At a Glance
What they wanted to do:
- Help reduce, prevent and solve crime
- Increase dialog with citizens regarding crime locations to help citizen become more vigilant regarding unsafe areas
What they did:
- Built a set of online crime-fighting tools, including a public crime map provided by Google Maps, alert messaging, anonymous tipping and data analytics
What they accomplished:
- Crime data from participating local law enforcement agencies is fed into the Google Maps API in near real-time, giving members of the public instant insight into theft, burglary,auto theft, assault and other crime incident locations.
"Google Maps has changed the way public agencies can do business helping provide better citizen services in cost-effective ways."
—Christian Faulconer, Public Engines COO
About Google Maps API for Business
Google Maps API for Business makes it easy for companies to include fully interactive Google Maps on their public and internal websites. The Maps API helps your customers and employees make the right business and purchasing decisions by visualizing important information on a familiar map.
For more information, visit enterprise.google.com/maps
"The Google Maps API for Business has enabled us to cut out the middle man and save years of development time"
—Greg Whisenant, Public Engines CEO
CrimeReports.com encourages broad citizen participation in neighborhood crime prevention using Google Maps
Simply by clicking on CrimeReports.com and typing in a location, citizens can look at a Google Map that pinpoints exactly where police have responded to crimes within their neighborhoods. CrimeReports works with thousands of law-enforcement agencies to help reduce, prevent and solve crime by enabling officials to easily open and manage a controlled dialog with citizens. Offering an online family of crime-fighting tools including a public crime map provided by Google Maps, alert messaging, anonymous tipping and data analytics. CrimeReports.com is a website that provides tools to help law enforcement agencies communicate directly with members of the communities they serve.
Previously, law enforcement agencies had to rely heavily on the media to disseminate information about public safety in their communities – trusting that journalists and editors conveyed the facts accurately and provided helpful, timely information to keep citizens apprised of neighborhood crime activity. Police departments had no timely and cost-efficient way to communicate crime details directly to the public, nor did the public have ready access to first-hand information.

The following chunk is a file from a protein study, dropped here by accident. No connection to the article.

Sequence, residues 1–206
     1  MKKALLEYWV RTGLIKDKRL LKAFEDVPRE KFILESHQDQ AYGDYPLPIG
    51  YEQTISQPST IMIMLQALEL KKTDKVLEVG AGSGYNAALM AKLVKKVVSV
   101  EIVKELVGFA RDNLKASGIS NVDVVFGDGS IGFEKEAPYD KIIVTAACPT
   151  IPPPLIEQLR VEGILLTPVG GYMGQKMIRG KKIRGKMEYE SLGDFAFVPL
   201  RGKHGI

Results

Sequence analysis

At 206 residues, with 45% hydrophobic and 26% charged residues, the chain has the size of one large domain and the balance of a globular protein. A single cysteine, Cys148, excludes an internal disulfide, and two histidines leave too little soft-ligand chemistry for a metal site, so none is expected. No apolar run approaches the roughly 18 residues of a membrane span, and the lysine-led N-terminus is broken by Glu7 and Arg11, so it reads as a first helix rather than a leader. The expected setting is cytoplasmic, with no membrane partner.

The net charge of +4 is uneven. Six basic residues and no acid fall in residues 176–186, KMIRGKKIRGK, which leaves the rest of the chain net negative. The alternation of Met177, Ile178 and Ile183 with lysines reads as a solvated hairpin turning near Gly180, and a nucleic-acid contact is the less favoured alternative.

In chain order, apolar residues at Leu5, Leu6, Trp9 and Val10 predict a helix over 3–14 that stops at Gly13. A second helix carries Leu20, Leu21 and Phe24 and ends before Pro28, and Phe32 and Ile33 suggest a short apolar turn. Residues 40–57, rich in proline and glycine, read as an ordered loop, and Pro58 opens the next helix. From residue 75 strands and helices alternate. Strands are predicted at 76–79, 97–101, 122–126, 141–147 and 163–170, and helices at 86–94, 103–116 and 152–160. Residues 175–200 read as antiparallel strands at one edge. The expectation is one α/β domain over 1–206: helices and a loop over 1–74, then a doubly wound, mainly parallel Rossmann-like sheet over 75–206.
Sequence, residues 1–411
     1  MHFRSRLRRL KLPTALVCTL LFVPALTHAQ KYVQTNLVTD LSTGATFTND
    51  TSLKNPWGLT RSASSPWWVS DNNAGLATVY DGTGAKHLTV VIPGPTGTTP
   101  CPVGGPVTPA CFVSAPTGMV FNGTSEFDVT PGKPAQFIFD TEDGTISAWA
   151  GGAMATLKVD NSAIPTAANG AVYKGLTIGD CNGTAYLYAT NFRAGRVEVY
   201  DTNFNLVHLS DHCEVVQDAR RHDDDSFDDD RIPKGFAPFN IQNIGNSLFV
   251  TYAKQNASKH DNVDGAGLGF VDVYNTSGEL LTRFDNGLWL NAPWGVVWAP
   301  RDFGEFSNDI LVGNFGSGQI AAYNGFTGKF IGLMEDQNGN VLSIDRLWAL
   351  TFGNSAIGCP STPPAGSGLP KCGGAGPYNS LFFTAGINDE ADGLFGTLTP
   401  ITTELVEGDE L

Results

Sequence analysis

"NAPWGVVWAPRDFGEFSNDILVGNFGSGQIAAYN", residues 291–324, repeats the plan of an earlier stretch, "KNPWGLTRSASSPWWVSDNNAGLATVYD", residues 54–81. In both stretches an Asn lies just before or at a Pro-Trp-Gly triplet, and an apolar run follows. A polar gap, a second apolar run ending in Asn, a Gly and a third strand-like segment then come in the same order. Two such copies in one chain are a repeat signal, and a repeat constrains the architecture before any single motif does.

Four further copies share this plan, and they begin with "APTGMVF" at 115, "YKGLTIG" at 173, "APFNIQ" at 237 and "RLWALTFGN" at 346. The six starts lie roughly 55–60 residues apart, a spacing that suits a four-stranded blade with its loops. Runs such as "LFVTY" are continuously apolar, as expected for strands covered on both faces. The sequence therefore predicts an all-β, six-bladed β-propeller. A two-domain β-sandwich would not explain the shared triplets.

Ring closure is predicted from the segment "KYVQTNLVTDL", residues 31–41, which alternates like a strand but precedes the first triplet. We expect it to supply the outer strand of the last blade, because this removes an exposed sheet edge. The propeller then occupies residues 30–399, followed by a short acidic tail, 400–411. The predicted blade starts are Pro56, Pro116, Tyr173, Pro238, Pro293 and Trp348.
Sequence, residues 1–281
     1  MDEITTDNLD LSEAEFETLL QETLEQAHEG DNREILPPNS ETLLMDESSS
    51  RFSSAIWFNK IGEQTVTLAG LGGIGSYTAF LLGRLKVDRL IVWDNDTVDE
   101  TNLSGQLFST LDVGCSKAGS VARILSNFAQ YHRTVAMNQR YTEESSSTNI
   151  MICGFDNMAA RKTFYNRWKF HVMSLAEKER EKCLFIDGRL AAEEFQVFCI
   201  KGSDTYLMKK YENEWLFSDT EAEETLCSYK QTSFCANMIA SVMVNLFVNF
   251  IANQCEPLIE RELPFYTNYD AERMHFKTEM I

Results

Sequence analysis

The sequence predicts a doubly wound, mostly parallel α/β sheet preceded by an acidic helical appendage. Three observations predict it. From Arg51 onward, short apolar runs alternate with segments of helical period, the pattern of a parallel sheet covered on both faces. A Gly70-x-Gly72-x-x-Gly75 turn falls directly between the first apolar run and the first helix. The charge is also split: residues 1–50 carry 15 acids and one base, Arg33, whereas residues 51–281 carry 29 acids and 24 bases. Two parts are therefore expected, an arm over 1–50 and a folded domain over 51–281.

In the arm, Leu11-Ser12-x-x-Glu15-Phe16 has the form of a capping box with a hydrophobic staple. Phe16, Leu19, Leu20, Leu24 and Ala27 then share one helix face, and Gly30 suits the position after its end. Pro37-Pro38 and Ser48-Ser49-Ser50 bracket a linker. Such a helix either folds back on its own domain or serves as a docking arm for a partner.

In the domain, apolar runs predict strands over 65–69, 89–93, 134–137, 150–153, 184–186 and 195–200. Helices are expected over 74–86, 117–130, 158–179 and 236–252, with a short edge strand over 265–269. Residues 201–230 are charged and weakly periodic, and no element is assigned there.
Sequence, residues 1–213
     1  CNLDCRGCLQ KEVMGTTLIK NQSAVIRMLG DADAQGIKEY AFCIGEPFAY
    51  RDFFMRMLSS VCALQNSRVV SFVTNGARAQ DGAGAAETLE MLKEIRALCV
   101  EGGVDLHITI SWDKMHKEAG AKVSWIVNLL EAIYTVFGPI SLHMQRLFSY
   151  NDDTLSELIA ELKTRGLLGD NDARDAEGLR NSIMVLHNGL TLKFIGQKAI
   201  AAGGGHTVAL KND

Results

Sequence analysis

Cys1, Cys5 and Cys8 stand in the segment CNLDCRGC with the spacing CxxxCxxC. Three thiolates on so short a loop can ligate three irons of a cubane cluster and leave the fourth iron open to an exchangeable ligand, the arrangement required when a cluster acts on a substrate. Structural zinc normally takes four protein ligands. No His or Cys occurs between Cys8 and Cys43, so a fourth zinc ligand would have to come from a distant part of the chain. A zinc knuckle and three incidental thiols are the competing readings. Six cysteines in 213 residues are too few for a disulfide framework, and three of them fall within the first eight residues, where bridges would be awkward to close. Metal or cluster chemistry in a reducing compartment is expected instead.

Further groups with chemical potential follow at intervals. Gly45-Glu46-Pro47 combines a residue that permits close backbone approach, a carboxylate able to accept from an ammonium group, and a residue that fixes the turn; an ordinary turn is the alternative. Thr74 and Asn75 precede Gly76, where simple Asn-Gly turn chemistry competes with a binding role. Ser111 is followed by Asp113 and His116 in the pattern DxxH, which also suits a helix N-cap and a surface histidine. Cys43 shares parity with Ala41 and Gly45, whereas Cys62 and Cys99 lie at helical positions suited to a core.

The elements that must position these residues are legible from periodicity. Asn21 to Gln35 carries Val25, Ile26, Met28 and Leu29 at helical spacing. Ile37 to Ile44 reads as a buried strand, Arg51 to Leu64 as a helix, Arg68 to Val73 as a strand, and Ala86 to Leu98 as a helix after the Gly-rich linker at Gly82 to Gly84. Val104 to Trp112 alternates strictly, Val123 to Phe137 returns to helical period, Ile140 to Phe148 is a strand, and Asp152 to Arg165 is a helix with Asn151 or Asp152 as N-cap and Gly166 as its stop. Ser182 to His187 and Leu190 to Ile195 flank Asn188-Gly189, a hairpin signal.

Enter an innovative group of developers called Public Engines, whose name is inspired by their core mission to give public officials control of communications directly with citizens in order to provide citizens more visibility into the inner workings of law enforcement and government. "We develop simple, powerful, easy-to-use tools that optimize communication between public officials and the citizens they serve," says CEO Greg Whisenant. "We see Google Maps API as a great way to provide a type of software as a service free to the public and at very low cost to budget-conscious public agencies." According to Whisenant, until CrimeReports.com, the only way law enforcement agencies could provide web-based public information was to build the service themselves or outsource to expensive service providers, both of which are too costly or time-consuming for most U.S. law enforcement agencies. "The Google Maps API has enabled us to cut out the middle man and save years of development time," he says.
Crime data from participating local law enforcement agencies is fed into the Google Maps API in near real-time, giving members of the public instant insight into theft, burglary, auto theft, assault and other crime incident locations – viewable by street, satellite, or hybrid view. The CrimeReports.com service can be integrated with any law enforcement records management or computer aided dispatch system, and invokes multiple technologies to deliver its service, including Google Maps API and the Global Justice XML Data Model (GJXDM).
"We’re giving citizens information in ways that are relevant to enhancing public safety,” says Public Engines COO Christian Faulconer. “For example, if there is a pattern of thefts in a neighborhood skewed toward a senior population, citizens can be alerted to take extra precaution and police can bolster patrols in that area."
The San Jose Police Department (SJPD) in northern California was one of the first local law enforcement agencies to integrate CrimeReports.com into its website ( www.sjpd.org). In addition to the community having direct access to crime data, the police force is putting the tool to good use internally.
SJPD Chief Administrative Officer Steven DiNoto reports that the force uses the tool to keep a pulse on crime and disorder activity in its jurisdiction and to deploy officers where they are most needed. “In a single glance, officers know exactly what has happened during previous shifts, both citywide and in smaller patrol service areas,” says DiNoto. “Also, it’s been really rewarding to get so much positive feedback from the community in terms of members of the public and law officers working from the same page.” He adds that the tool provides a worthwhile service that is being continually improved upon.
Visualizing crime data in near real-time in the familiar Google Maps interface enables law enforcement agencies to analyze incident patterns to plan resource deployment more effectively. In addition, detailed, comprehensive crime and disorder information is accurately relayed from public agencies to members of the public in near real-time without waiting for the eleven o’clock news. "Google Maps has changed the way public agencies can do business —helping provide better citizen services in cost effective ways," says Faulconer.